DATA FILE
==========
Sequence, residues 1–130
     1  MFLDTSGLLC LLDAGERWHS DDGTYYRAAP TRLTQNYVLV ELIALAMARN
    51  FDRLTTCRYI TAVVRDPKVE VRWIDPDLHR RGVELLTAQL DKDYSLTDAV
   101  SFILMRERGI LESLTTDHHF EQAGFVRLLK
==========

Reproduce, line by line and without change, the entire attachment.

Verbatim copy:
Sequence, residues 1–130
     1  MFLDTSGLLC LLDAGERWHS DDGTYYRAAP TRLTQNYVLV ELIALAMARN
    51  FDRLTTCRYI TAVVRDPKVE VRWIDPDLHR RGVELLTAQL DKDYSLTDAV
   101  SFILMRERGI LESLTTDHHF EQAGFVRLLK